Building a Blueberry Patch

— Written By and last updated by Kerri Rayburn
en Español

El inglés es el idioma de control de esta página. En la medida en que haya algún conflicto entre la traducción al inglés y la traducción, el inglés prevalece.

Al hacer clic en el enlace de traducción se activa un servicio de traducción gratuito para convertir la página al español. Al igual que con cualquier traducción por Internet, la conversión no es sensible al contexto y puede que no traduzca el texto en su significado original. NC State Extension no garantiza la exactitud del texto traducido. Por favor, tenga en cuenta que algunas aplicaciones y/o servicios pueden no funcionar como se espera cuando se traducen.

English is the controlling language of this page. To the extent there is any conflict between the English text and the translation, English controls.

Clicking on the translation link activates a free translation service to convert the page to Spanish. As with any Internet translation, the conversion is not context-sensitive and may not translate the text to its original meaning. NC State Extension does not guarantee the accuracy of the translated text. Please note that some applications and/or services may not function as expected when translated.

Collapse ▲

Farming blueberries in North Carolina is a flourishing industry ranking 6th in the nation. Wholesale farms in the Bladen, Pender and neighboring county area along with “pick-your-own” farms throughout N.C. produce approximately 40 million pounds on 5,500 acres with a value of roughly $70 million per year. What’s encouraging is that blueberry production has increased remarkably in North Carolina from 2,700 acres yielding 5,000 lbs. per acre in 2001 to an expansion of 5,500 acres yielding 7,100 lbs. of blueberries per acre in 2010. This can be explained in part with the rise in blueberry popularity, along with improved technologies of: irrigation, harvesting, freezing and storing systems along with newly developed cultivars.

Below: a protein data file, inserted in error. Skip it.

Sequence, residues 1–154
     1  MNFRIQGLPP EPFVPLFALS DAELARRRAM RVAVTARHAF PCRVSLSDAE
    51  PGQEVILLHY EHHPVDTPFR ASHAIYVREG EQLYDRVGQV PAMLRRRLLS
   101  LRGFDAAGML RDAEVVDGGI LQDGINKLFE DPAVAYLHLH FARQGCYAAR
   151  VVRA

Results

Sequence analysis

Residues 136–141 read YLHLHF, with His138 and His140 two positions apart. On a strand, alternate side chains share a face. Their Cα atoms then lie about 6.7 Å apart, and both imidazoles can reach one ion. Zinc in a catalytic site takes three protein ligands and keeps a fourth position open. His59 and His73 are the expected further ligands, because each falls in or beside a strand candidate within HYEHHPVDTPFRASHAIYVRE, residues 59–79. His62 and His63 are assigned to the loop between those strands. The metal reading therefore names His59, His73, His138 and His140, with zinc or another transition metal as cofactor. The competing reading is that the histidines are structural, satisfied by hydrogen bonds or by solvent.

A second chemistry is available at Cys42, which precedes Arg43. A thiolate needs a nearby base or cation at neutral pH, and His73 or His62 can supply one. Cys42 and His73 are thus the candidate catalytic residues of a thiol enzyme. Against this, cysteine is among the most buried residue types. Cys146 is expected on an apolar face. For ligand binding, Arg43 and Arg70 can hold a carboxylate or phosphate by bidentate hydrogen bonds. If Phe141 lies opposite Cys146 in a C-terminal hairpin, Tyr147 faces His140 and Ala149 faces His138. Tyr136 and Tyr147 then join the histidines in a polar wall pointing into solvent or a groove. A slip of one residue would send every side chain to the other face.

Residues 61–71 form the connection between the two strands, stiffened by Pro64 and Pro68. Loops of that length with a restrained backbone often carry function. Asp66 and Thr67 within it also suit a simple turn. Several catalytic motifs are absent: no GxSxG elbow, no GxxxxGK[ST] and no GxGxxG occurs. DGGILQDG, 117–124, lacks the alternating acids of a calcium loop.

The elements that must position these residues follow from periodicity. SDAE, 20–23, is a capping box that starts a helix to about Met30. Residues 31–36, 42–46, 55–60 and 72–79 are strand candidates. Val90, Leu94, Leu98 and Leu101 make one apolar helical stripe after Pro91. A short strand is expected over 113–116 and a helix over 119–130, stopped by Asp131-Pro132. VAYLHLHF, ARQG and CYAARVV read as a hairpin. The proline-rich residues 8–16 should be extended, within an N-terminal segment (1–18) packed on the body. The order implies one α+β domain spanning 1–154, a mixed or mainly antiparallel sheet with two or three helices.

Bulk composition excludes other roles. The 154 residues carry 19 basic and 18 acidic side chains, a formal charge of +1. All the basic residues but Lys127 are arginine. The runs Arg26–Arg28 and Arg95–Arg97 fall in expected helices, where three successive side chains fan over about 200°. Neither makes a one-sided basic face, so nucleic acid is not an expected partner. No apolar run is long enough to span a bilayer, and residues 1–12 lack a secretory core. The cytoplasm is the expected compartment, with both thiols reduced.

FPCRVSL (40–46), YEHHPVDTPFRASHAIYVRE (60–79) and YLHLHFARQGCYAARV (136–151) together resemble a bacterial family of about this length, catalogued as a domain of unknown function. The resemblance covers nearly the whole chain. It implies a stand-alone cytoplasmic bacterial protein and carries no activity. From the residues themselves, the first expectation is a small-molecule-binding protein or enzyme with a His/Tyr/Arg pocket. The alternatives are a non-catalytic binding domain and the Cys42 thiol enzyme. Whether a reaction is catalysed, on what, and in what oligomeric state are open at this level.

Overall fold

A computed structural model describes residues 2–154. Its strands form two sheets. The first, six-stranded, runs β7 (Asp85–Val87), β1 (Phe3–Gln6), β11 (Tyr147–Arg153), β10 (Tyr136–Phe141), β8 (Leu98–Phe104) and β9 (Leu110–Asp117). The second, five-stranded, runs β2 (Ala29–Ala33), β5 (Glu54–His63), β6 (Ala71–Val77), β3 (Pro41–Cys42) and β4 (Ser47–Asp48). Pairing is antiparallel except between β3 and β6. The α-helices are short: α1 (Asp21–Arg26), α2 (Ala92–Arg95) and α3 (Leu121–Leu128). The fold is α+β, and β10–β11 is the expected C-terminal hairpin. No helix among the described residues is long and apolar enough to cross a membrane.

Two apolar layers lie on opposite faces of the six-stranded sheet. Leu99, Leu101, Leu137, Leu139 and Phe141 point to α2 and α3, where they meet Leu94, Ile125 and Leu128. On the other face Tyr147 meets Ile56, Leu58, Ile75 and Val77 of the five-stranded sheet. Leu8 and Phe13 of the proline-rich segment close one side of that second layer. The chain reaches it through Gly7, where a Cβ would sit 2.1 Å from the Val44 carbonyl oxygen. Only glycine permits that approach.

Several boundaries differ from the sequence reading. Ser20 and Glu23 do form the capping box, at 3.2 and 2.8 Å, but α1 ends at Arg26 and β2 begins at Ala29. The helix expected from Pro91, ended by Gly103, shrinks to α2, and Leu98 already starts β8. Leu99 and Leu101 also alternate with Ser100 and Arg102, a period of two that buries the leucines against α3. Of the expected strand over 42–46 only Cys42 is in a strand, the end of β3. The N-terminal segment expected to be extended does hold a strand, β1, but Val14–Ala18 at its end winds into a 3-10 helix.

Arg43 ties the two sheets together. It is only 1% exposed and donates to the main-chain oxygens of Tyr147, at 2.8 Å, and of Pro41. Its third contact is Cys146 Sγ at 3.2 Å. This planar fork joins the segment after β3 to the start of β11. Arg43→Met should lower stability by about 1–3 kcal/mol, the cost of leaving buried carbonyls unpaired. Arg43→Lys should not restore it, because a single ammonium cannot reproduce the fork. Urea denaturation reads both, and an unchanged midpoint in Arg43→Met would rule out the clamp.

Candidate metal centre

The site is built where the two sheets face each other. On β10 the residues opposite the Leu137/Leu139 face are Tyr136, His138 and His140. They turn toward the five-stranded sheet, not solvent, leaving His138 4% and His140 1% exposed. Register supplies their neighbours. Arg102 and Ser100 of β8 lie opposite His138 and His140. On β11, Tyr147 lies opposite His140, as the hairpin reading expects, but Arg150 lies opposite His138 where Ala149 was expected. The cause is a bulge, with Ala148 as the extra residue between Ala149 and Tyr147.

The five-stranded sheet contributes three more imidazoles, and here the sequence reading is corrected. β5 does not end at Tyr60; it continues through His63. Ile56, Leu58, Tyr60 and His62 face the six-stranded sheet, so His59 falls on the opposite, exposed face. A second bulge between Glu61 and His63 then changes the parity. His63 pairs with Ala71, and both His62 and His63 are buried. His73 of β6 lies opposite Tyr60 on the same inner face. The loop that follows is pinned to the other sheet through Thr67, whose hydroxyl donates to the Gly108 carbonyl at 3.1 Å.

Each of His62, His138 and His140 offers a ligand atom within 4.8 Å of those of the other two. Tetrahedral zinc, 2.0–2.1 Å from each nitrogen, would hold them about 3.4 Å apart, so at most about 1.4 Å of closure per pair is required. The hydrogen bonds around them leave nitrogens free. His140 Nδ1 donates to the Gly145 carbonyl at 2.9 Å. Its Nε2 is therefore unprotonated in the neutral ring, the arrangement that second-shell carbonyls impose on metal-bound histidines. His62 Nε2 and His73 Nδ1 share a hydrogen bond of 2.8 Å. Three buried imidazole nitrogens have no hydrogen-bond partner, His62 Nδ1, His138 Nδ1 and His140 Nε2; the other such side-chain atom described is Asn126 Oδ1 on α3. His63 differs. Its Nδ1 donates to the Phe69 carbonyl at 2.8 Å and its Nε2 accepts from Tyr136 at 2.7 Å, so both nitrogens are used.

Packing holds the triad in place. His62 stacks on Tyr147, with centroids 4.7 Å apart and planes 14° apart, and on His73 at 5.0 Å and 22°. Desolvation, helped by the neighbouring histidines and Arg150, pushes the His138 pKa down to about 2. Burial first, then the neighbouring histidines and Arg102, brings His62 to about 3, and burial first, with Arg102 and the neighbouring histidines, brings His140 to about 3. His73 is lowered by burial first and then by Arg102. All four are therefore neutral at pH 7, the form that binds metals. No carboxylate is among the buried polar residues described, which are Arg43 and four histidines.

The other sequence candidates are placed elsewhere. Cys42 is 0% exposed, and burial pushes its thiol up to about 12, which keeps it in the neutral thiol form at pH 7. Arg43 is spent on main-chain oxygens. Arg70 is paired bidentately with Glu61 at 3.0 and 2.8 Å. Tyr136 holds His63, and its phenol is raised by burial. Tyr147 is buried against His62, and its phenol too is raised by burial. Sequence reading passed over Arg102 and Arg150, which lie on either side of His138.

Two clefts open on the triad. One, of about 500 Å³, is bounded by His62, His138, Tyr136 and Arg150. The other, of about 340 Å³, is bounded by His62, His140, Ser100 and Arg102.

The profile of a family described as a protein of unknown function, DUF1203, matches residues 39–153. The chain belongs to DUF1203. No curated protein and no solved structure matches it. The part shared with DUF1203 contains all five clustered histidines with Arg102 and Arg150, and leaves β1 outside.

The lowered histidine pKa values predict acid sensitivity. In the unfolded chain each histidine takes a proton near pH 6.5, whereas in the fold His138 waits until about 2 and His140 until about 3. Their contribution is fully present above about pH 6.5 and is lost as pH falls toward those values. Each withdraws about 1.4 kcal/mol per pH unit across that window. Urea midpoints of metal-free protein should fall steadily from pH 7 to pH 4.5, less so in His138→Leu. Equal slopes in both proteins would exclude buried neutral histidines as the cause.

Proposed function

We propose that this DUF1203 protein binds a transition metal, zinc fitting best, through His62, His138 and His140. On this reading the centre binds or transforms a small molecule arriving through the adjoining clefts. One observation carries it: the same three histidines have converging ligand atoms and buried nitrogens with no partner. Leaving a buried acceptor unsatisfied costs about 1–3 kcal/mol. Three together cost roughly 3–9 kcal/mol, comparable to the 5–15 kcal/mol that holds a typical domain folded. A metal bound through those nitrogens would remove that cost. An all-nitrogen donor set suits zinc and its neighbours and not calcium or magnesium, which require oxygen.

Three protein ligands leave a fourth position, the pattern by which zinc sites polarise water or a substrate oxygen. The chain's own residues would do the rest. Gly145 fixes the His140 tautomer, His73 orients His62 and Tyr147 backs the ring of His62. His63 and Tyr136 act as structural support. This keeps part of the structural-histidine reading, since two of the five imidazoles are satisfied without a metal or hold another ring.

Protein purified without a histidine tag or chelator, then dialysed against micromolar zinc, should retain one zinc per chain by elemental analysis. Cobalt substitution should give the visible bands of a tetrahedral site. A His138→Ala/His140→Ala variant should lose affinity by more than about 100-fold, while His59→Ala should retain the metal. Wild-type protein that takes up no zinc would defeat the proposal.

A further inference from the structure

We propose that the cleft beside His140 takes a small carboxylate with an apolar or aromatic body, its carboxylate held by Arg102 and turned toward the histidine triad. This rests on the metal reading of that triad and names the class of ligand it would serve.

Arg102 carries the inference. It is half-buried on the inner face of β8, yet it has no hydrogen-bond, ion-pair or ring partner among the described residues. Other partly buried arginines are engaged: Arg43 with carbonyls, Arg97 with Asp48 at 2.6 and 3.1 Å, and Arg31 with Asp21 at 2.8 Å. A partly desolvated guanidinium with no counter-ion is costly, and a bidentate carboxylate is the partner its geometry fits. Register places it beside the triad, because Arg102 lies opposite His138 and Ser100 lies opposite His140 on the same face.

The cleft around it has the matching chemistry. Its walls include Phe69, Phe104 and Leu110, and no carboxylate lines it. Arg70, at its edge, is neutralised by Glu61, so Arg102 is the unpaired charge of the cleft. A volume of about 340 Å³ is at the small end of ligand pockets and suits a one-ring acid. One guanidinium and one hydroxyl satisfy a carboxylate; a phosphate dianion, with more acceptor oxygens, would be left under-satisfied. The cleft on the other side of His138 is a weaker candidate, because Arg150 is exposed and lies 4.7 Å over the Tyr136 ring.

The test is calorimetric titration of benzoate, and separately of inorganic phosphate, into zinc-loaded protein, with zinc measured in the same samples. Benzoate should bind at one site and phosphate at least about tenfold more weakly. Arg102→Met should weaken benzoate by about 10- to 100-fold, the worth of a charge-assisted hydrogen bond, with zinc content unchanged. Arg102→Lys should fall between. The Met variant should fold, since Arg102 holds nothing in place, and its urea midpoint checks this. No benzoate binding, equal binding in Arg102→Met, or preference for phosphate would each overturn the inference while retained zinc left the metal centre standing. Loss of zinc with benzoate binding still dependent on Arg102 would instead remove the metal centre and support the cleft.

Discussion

mummy berryBlueberries are native to North America. Explorers such as Samuel de Champlain in 1615 made note of observing Native Americans harvesting wild blueberries along Lake Huron. Today, tourists and locals may be spotted harvesting wild blueberries along the Blue Ridge Parkway and other mountain roads and trails. Enthusiasts who love making blueberry pancakes, smoothies, cobblers and other yummy edibles will find their precious ingredients in the fresh or frozen sections of local grocery stores, at farmers markets, or a gardener’s own backyard.

Blueberries are relatively easy to grow with special modifications. Fans of this delicious berry may choose from a wide assortment of Highbush or Rabbiteye cultivars.

Site Selection and Planting – Transplant plants in full sun for best production. Blueberry plants will tolerate up to 50 percent shade but yields will lessen as shade increases.  For an average-sized family, 10 shrubs will provide an adequate supply for fresh use with excess for freezing, jelly or jam. Cross-pollination is critical with Rabbiteye blueberries therefore plant two or more varieties within 100 feet of each planting.  Space Rabbiteye Blueberry plants six (6) feet apart in the row with the rows ten (10) feet apart. Space Highbush blueberry plants every five (5) feet in the row and eight (8) feet between rows.